4. Anger/Trauma: And what if the mood at the table is anger? Early traumas involving food mean the dining experience, for me, produces severe anxiety. For those who have had bad news broken over the dinner table or been through unhealthy judgements at the table, the meal may come with some emotional baggage. TV ads never show that; they serve up the “happy families at the dinner table” myth like it’s something normal, but is it? Don’t they just want you to buy the food they’re advertising, the intimation being that if you buy their brand you, too, will have a happy family or a romantic dinner partner? Discover whether this is true for you before you swallow those myths whole.
  5. Speaking of TV… do you eat in front of it? Do you or your family have the TV on near the dining area? Don’t chastise yourself, just notice. Eating in front of a TV (or even a book, for that matter) demolishes mindfulness. We love to think we can “multi-task,” but humans are not really good at it. We end up doing several things poorly instead of one thing well. Imagine ordering a gorgeous meal and then, instead of enjoying each item as intended, you mixed them (including dessert) into one mass. Same food, yes. But taste-wise? Not the same.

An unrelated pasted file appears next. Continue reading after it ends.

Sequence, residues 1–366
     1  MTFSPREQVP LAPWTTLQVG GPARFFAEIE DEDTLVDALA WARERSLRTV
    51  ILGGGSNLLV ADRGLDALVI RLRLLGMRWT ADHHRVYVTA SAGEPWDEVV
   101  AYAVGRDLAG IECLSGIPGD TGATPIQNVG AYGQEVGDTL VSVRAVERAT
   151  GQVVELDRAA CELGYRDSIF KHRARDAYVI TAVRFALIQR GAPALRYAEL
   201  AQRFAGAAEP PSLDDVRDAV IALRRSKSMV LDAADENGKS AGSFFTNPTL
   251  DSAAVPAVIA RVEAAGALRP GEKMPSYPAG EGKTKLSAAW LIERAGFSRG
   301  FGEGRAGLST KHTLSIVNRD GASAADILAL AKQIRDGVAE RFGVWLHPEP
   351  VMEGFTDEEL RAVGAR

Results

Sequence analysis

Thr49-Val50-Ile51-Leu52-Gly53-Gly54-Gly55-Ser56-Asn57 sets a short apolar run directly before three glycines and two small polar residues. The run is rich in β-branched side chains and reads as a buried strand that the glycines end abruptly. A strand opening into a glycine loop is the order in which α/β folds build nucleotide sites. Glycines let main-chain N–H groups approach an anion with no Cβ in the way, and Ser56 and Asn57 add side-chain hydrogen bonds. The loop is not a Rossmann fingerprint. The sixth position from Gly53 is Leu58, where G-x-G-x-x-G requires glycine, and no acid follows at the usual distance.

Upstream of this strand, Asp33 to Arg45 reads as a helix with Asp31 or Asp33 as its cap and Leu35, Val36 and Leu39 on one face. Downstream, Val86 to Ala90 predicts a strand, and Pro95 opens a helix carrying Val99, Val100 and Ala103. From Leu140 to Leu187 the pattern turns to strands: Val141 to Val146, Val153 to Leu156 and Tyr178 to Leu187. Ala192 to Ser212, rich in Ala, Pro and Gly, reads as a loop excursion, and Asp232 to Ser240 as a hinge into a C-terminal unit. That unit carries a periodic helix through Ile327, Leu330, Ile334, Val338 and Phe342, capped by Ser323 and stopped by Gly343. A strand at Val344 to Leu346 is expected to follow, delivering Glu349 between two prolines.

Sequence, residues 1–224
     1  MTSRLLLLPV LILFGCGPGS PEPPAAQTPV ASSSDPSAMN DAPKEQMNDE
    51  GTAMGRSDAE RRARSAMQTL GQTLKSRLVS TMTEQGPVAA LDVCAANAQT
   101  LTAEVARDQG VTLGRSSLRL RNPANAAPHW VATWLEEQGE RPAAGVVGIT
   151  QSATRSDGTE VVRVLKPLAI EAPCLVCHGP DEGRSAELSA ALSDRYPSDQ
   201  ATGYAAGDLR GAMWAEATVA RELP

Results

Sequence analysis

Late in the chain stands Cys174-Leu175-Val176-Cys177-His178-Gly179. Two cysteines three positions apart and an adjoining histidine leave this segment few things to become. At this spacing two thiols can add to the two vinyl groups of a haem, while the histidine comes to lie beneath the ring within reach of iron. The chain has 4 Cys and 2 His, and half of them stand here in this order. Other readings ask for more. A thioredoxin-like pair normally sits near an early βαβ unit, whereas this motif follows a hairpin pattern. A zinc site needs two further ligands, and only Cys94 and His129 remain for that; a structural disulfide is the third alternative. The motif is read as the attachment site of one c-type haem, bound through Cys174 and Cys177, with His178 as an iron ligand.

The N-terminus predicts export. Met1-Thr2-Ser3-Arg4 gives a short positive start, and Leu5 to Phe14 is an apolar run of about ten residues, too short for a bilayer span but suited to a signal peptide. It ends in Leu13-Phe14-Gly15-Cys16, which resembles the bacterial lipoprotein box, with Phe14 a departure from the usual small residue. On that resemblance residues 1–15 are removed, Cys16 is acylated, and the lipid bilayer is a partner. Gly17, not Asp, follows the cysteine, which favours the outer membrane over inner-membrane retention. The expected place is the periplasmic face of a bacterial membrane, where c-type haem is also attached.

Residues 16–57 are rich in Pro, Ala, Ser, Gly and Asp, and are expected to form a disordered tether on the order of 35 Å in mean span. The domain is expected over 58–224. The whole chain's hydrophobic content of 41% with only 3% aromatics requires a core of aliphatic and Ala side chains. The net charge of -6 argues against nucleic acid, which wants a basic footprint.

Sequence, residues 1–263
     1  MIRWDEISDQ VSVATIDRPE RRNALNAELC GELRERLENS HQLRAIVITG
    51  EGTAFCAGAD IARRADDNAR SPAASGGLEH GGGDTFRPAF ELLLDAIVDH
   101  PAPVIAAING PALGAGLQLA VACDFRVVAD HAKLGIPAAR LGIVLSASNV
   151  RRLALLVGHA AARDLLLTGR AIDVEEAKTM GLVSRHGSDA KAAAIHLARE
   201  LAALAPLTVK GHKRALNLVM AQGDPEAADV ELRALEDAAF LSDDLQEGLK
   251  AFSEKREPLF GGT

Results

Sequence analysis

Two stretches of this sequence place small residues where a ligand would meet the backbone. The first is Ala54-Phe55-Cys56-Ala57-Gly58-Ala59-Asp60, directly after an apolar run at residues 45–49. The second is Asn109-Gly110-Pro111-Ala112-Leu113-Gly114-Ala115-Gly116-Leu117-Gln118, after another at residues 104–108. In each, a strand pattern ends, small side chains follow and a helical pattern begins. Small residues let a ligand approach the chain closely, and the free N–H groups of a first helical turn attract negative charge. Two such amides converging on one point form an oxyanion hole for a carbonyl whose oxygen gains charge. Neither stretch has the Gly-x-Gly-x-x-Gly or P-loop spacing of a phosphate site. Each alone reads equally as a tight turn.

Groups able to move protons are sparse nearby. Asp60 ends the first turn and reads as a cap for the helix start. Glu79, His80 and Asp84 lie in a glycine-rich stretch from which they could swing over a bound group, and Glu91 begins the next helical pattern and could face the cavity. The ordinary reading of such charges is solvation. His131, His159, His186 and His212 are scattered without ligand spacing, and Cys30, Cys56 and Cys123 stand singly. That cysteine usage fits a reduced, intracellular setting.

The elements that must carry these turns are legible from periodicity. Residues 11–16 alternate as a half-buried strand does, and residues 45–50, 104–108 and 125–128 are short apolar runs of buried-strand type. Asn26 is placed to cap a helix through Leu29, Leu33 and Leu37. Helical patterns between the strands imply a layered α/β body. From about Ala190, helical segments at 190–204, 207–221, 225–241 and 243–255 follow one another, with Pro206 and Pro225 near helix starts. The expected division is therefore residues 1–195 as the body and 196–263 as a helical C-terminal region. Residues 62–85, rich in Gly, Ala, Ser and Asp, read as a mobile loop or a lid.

6. Don’t eat and drive. Not a good idea on several levels, but if you’re so busy you eat while you drive, then you’re too busy. Make different choices; you’re in the driver’s seat. Get up earlier and plan a little quality time, just you and your nourishment. Notice your increased energy levels (and bank balance) after even a few days of mindful eating.

The world is full of menus, links, and options: smartphones, computers, election ballots, online forms, blogs, restaurants. Wemay want everything on them; we may want none. In reality, we can only effectively link to one thing at a time in any given moment—whether it’s food, family, friends, or fun. Why not choose mindfully?

Recently I put this insight into action. I told my granddaughter and her friend they could only watch one more music video. Further, they both had to agree on it. Well, you should have seen them! Knowing they had only one choice left, they carefully went through the playlist, doing a first-grader’s version of a cost-benefit analysis. In the end, because they couldn’t agree, they didn’t play a video. Instead, they chose an entirely different, more healthful activity: they went outside (in the rain) to create meals for the fairies they’re convinced live in the garden.

I’m not sure about fairies, but humans have magical powers, if “magic” means the ability to transform. If we blend our highest priorities with generous dollops of awareness, heaping tablespoons of self-love and acceptance, and a pinch or three of laughter, we will produce—made to order—an oh-so-light, delectable Life. Bon appétit!

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Resources

If you miss the dining-out experience, there are low- and no-cost places to do so. Senior Centers offer full accessibility, of course, but you may wish to check the others. Also, low-cost meal providers use volunteer staff, so if someone calls in sick, meals may not be provided. Always check first. (Or become a volunteer yourself!) Remember, too, that public transport is rarely available on major holidays.